Thursday, January 14, 2010

Cuba tests Jews' faith

From the Dallas Morning News

Cuba tests Jews' faith
As Passover nears, community looks to outside aid for survival in socialist world
TRACEY EATON Cuba Bureau
Published: April 5, 2004

Growing up in Cuba, they were typical Jewish kids. But as the years rolled by and they became men, one abandoned his faith for the sake of revolution while the other fought to save his Jewish community from the ravages of change.

Enrique Otulski is the rebel. The son of wealthy Jewish immigrants from Poland, he could have had an easy life. Instead, he risked everything and joined Fidel Castro's revolt in the 1950s.

"Growing up, I saw barefoot men dressed in rags, women sleeping in the park. I didn't feel good about that. I couldn't live like the rich when most people lived in misery," said Mr. Otulski, now 74 and a top official in the socialist government.

José Miller followed a different path. He agreed revolutionary change was needed but feared communism would drive off the entire Jewish community.

"By the 1980s, I'd go to the synagogue and there would be fewer and fewer people, sometimes just six, seven or eight. The feeling was that if we didn't do something, we'd disappear," said Mr. Miller, now 78, and president of Cuba's largest Jewish community center.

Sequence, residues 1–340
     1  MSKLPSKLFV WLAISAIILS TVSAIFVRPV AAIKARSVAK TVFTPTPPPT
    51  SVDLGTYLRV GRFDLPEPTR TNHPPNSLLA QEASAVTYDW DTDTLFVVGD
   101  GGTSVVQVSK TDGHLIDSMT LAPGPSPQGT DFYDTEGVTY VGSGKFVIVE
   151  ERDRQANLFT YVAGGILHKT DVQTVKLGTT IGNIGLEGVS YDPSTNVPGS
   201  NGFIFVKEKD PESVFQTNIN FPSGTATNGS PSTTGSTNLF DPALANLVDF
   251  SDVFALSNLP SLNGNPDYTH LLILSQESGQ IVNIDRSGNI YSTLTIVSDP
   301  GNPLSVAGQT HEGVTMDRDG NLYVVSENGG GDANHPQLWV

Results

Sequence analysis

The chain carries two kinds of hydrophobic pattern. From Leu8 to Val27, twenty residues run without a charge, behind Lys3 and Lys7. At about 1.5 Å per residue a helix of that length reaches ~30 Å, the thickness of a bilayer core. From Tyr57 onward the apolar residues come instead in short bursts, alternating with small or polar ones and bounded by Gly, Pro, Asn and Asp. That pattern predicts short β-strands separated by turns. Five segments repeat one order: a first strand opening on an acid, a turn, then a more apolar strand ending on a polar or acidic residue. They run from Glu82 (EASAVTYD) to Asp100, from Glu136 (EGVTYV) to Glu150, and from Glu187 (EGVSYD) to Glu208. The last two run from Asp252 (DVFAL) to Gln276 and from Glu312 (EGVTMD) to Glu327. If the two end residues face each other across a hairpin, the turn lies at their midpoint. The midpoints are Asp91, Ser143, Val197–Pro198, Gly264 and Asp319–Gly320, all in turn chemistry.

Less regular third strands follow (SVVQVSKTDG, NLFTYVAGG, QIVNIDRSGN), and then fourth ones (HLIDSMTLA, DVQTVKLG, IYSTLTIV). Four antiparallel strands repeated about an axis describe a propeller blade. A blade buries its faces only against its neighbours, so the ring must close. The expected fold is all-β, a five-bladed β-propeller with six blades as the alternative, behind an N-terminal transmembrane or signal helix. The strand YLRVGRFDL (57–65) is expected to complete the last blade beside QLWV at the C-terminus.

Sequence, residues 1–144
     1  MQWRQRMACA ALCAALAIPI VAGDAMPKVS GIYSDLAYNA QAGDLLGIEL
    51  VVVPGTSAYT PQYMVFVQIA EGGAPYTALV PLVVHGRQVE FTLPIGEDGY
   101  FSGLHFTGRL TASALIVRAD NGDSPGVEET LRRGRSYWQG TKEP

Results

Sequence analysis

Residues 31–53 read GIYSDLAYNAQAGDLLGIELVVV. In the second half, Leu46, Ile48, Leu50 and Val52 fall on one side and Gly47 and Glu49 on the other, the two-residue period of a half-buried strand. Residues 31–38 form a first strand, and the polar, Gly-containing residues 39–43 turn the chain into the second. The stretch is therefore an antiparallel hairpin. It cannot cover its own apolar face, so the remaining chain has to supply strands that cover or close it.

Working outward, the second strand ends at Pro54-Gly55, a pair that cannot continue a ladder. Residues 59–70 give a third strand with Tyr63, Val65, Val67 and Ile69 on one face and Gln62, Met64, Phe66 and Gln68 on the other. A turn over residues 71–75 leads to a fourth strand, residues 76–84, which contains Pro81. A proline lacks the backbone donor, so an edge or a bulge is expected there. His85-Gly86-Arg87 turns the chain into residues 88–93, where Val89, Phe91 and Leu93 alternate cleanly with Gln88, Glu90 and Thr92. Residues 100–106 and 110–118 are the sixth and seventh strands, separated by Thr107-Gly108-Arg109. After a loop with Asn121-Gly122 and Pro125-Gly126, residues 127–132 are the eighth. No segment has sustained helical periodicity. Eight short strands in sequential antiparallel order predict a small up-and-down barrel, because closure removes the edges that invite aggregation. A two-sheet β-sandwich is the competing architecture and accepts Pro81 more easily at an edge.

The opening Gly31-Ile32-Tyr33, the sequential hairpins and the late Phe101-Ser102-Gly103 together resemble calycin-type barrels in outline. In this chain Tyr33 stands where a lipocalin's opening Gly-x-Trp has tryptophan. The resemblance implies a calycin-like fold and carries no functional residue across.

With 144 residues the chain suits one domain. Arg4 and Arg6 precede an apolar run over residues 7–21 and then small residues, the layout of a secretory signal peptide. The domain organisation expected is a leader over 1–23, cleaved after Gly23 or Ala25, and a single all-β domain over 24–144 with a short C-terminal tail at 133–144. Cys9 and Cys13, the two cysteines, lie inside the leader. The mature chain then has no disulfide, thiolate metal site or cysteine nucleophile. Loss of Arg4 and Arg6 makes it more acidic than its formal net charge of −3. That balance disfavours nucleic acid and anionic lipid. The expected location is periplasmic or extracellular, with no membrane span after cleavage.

The story of these two men as Passover approaches is part of a broader tale about the clash of Cuba's once-thriving Jewish community and the socialist government.

For both sides, it's a story of survival.

The Castro government suffered the collapse of its chief sponsor, the former Soviet Union, in 1991. But it lives on, despite economic troubles and the U.S. embargo, the toughest, longest-lasting sanctions ever imposed on any country.

The Jewish community endured the loss of 94 percent of its followers after the socialist revolution. Many left after the government seized their businesses. Others left for family or personal reasons. Most sought refuge in the United States.

Those left behind

Cuban Jews who stayed behind have had to depend on support from outside Cuba.

For Passover, Jewish groups in Canada and other nations have shipped hundreds of pounds of kosher food and wine to Cuba for this week's celebration.